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College Democrats seek open-minded discussion rather than debates

Student political groups: passion for their party & encouraging discourse

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The Spectrum

Quinne Sember, a senior biomedical sciences and political science major, took a trip to Washington, D.C., with her eighth grade class. Her teacher handed her a pin, which ultimately foreshadowed her future in the political world. It said, "Friends don't let friends vote Republican."

"[I often had] very vocal, liberal opinions during class," Sember said. "I suppose I especially began to notice in AP Government class in class in high school when we did a political spectrum quiz and my score was very liberal and when we would debate issues in class."

Sember described her hometown of Clarence as Republican. It wasn't until she came to UB that she felt she found a place where she could comfortably discuss political issues and her democratic values. She joined College Democrats and is now the club's president.

Each week, members participate in conversations regarding different political topics and are educated about political campaigns and who is running for what positions in current elections. The group said its mission is to spread information about important political issues and to encourage political participation on UB's campus.

"So many people are apathetic about politics and I think it may be worse here, in New York, because we are not a swing state and tend to vote so reliably Democratic - with some exceptions," Sember said. "I like to give people a place to express their views and opinions and discuss them with others while making connections with other people who are politically active."

Sember said all of the members know how to carry out respectful political discussions. Though some debates can get heated, everyone is able to respect each other at the end of the meeting, she said. Sember believes this is extremely important in a college political club and appreciates members' abilities to enter a room willing to listen to others' opinions.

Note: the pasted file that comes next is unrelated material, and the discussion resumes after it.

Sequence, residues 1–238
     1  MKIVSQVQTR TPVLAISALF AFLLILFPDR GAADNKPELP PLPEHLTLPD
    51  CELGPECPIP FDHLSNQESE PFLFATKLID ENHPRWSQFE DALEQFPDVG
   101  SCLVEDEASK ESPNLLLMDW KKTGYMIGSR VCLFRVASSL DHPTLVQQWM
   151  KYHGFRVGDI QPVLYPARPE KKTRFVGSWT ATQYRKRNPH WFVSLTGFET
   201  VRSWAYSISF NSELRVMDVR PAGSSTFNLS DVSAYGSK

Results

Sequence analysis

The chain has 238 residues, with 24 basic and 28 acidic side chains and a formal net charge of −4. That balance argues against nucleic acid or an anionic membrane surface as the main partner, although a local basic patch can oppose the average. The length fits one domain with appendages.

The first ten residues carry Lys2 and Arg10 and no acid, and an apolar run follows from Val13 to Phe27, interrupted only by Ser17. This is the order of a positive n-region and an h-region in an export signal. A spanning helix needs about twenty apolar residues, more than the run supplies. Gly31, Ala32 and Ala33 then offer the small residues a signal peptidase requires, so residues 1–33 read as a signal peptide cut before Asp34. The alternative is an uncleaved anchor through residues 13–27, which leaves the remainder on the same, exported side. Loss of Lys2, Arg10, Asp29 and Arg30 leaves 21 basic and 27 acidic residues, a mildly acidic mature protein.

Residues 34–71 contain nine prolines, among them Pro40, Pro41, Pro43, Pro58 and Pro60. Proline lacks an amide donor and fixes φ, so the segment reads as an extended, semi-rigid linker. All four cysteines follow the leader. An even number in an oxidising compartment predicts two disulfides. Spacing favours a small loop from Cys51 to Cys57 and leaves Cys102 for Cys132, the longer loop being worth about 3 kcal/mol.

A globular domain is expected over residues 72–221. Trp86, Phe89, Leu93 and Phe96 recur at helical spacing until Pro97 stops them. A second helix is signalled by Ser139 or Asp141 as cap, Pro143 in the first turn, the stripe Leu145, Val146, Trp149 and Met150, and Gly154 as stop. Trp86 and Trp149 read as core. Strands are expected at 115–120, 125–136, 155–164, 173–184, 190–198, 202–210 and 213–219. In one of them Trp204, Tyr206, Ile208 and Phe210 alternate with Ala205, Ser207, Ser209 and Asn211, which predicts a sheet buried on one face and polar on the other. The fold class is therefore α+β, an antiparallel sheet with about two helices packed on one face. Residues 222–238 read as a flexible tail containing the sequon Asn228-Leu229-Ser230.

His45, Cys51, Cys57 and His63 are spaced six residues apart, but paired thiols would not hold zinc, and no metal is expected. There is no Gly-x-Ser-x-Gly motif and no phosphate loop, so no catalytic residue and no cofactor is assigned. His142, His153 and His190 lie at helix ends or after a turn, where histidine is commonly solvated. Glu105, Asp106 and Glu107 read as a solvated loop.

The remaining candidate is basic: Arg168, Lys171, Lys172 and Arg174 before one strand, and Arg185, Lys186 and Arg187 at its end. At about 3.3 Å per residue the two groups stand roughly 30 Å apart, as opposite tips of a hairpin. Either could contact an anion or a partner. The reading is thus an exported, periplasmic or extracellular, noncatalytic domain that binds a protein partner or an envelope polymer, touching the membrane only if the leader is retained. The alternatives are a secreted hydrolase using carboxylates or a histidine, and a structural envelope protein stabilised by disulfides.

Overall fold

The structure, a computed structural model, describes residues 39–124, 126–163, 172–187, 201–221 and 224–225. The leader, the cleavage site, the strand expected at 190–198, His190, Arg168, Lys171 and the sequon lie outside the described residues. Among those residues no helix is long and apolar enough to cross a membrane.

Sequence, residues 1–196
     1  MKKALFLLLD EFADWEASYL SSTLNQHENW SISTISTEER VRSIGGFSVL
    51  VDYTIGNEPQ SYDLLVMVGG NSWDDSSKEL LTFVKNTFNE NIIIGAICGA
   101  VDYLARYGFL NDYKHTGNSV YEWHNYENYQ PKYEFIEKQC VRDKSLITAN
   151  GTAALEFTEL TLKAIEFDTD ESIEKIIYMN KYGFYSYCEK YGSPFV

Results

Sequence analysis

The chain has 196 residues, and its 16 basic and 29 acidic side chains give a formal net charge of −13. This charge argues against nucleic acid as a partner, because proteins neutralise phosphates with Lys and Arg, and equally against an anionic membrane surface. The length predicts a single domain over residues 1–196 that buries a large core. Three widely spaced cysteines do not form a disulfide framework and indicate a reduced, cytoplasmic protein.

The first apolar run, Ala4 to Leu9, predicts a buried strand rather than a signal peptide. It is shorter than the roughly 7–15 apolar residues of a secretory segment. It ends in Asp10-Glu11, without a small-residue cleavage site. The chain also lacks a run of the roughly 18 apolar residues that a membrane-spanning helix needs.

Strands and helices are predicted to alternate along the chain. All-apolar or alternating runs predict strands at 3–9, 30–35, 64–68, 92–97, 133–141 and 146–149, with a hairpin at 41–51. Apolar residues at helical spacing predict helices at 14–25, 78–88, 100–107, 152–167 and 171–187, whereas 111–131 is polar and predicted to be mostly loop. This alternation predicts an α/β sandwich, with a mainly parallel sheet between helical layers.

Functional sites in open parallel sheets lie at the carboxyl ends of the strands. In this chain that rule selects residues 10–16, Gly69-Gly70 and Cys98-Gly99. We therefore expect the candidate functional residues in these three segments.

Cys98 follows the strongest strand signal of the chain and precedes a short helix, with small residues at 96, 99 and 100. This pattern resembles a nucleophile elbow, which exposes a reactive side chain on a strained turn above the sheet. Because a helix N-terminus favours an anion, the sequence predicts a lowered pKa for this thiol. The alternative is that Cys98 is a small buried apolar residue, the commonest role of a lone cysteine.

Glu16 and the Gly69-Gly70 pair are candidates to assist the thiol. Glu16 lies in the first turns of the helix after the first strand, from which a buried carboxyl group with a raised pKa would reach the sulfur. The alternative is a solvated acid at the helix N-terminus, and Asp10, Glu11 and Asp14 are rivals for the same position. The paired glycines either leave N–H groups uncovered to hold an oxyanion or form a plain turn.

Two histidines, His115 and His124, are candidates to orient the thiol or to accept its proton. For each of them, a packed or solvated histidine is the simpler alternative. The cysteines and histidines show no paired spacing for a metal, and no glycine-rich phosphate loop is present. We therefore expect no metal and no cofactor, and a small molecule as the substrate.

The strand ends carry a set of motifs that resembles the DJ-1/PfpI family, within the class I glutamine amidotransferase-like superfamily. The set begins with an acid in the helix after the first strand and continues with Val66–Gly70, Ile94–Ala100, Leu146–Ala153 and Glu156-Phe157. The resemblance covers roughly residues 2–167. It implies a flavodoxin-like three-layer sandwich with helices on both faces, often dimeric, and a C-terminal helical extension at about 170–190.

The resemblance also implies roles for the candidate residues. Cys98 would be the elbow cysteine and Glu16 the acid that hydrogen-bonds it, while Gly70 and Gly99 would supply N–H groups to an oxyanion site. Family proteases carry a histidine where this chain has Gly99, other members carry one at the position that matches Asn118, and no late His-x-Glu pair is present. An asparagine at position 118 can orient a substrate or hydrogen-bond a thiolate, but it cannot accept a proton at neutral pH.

She said the club members come from different backgrounds, interests, parties, majors and even countries, but each member has the same goal: to discuss political issues with others in a way that is fun.

The club also invites guest speakers to educate students on various topics. On Nov. 20, the College Democrats are bringing Planned Parenthood representatives to lecture at UB.

In April, an anti-abortion display outside the Student Union caused contentious debate among students. Sember said she hopes to facilitate open discussions rather than debates when her group invites organizations like Planned Parenthood to campus.

"Frankly, the pro-choice/pro-life debates have gotten old," she said. "They turn into shouting matches and are not productive for anyone involved."

This is part of why the campus' political clubs have focused on having joint discussions rather than debates, Sember added.

People are always shocked to find out how close the members of the College Republicans and Democrats are, according to Sember.

They know when it's appropriate to discuss political issues and when it's not and strive to maintain a level of respect and friendship with people from the other side, she said.

The president of each club tries to attend the other's meetings.

"It sets a fantastic example in a country where partisan politics has gotten way out of hand," Sember said.

Sean Kaczmarek, a sophomore economics and international studies major, joined College Democrats last year. He's now the club's vice president.

"Everybody has different opinions on different issues, even within the same political party," Kaczmarek said. "By being part of this club, I've been able to explore the differences in opinions."

Kaczmarek enjoys the club's environment because "no one will be angry if you disagree with them," he said. He likes that the club can "throw around ideas" and look to see what the best solutions are the problems our nation faces.

Sember is interested in getting many different kinds of people from different backgrounds interested in political issues and ready to vote in an informed way.

Sember believes the club has been successful because its membership has been increasing substantially and members always leave the meetings having learned something new.

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